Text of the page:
Bankers also were delighted with tax overhaul. The massive corporate income tax cut signed by Trump in December 2017 disproportionately helped banks, because they tend to take fewer deductions than other types of companies.

However, those tax cuts came with a hefty price tag. The federal deficit has soared (see chart).

When the next recession occurs, fiscal and monetary policymakers will have fewer tools at their disposal. The massive deficit and low interest rates will make it difficult to enact emergency stimulus measures.

La Dolce Vita no more…

Still worried about Brexit? Hey, Britain’s vote to leave the European Union is such old news. Meet the new worry: Italy.

Italy is the third-largest national economy in the Euro Zone and the eighth-largest in the world. Italy is the second largest manufacturer in Europe, behind Germany, the world’s largest wine producer, and famous for the style and high quality of its automobiles, aircraft, appliances, and fashion. The largest market for luxury goods in Europe, Italy taught the world how to eat and make movies and live La Dolce Vita.

Italy also happens to be an economic basket case and yesterday its government collapsed.

Italy on Tuesday descended into chaos after its right-wing nationalist coalition government came apart amid an internal power struggle. Italy is plagued by high unemployment and stagnant economic growth. The country’s banks are saddled with €360 billion worth of bad loans, of which €200 billion are categorized as insolvent.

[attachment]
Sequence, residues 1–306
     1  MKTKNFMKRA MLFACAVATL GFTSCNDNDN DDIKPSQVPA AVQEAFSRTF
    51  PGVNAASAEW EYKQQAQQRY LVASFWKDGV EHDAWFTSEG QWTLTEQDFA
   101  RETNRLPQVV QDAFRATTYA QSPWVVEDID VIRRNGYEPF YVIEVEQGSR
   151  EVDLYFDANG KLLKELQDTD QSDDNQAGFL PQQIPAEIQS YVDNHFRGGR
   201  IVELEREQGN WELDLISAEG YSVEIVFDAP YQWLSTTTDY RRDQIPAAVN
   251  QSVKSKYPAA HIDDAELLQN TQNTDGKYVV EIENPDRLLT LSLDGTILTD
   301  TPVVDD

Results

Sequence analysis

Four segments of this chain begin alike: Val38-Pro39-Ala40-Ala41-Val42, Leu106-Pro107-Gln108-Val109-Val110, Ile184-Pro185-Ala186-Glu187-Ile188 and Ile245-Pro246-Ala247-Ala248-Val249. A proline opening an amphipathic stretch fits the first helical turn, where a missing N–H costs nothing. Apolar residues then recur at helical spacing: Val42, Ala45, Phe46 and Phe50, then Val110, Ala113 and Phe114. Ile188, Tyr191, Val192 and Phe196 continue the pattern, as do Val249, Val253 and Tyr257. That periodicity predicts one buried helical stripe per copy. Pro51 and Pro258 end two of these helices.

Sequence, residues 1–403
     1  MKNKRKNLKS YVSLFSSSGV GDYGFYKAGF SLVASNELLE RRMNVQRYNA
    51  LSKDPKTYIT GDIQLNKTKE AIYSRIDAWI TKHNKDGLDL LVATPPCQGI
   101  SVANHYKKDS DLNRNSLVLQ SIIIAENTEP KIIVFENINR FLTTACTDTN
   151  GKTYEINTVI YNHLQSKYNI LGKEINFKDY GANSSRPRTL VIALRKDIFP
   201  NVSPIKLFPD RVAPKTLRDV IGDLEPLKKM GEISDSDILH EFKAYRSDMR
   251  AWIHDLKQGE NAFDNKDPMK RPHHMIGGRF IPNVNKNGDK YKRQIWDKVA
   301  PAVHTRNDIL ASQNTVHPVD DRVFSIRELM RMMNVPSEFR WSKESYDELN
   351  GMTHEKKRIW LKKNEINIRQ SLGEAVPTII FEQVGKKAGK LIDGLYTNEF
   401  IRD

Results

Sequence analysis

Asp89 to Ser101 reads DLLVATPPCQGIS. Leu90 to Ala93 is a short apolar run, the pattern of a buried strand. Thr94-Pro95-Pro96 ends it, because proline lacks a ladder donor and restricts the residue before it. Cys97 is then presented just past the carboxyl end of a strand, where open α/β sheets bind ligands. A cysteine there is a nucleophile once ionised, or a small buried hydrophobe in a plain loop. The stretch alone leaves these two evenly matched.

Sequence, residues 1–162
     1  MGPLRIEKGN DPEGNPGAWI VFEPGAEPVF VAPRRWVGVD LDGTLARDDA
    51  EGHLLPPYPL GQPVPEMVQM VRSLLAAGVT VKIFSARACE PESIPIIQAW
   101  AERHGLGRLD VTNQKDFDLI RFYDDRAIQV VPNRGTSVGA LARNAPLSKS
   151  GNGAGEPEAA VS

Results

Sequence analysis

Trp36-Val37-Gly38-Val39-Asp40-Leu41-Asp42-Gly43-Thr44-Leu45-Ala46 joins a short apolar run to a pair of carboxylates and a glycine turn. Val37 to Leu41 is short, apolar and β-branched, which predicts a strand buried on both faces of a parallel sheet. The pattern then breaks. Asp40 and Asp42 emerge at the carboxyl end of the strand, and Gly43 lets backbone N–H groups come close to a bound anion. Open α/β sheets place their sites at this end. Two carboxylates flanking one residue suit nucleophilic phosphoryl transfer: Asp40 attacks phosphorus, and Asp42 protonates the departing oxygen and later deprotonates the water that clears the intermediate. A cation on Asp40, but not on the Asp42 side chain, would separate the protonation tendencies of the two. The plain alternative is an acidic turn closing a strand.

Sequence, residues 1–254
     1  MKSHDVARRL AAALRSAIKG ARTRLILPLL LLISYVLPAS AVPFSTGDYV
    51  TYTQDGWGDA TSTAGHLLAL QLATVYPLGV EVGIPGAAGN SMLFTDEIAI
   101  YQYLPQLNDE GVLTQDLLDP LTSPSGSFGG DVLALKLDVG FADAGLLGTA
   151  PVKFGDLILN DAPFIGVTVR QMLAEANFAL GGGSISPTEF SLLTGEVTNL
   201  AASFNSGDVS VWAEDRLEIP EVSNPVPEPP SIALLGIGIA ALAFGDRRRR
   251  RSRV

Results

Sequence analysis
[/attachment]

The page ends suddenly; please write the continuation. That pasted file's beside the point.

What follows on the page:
The dominoes could be lining up for a global financial contagion.

On top of these geopolitical concerns, the U.S. is embroiled in a global trade war and has alienated even its staunchest allies.

Trump’s trade war with China is not only bankrupting farmers at a record rate but will cost families across America $1,000 per year, according to a report released Monday by JPMorgan Chase (NYSE: JPM).

The yellow metal’s mettle…

Under these conditions, it’s small wonder that gold prices have soared. Face it: the dust will never settle during a Trump administration, especially when it comes to foreign policy. When the world stage gets messy, investors flee to the safe haven of gold.

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However, the time to make a move isn’t when the gold bugs are shouting from the rooftops and gold prices have climbed to unsustainable levels. Hedge your portfolio with gold now, while prices are still relatively reasonable. A rule of thumb is to allocate 5%-10% of your portfolio in precious metals.

Gold isn’t the only crisis hedge among precious metals. You should also consider silver, which tends to be less volatile than the Midas metal because it also sports several industrial uses.

You should be worried about the sustainability of the bull market’s remarkable duration. As the broader indices hover in overbought territory, this aging 10-year bull market is showing signs of fatigue.

It’s not just the perennial prophets of doom. Even the reputable, time-proven analysts are weighing in with pessimism. Economists at Goldman Sachs, Morgan Stanley (NYSE: MS), and JPMorgan are all predicting a correction of at least 10% in the third quarter.

As in 2008, the drop in the 10-Year Treasury yield has spooked investors. The inverted yield curve is a reliable predictor of recessions. Meanwhile, Donald Trump has consistently shown the ability to wipe out billions of dollars in market valuation with a single tweet.

Remember, nobody expects a black swan. And that’s no joke.

Questions about the parallels between today and 2008? Drop me a line:

John Persinos is the managing editor of Investing Daily.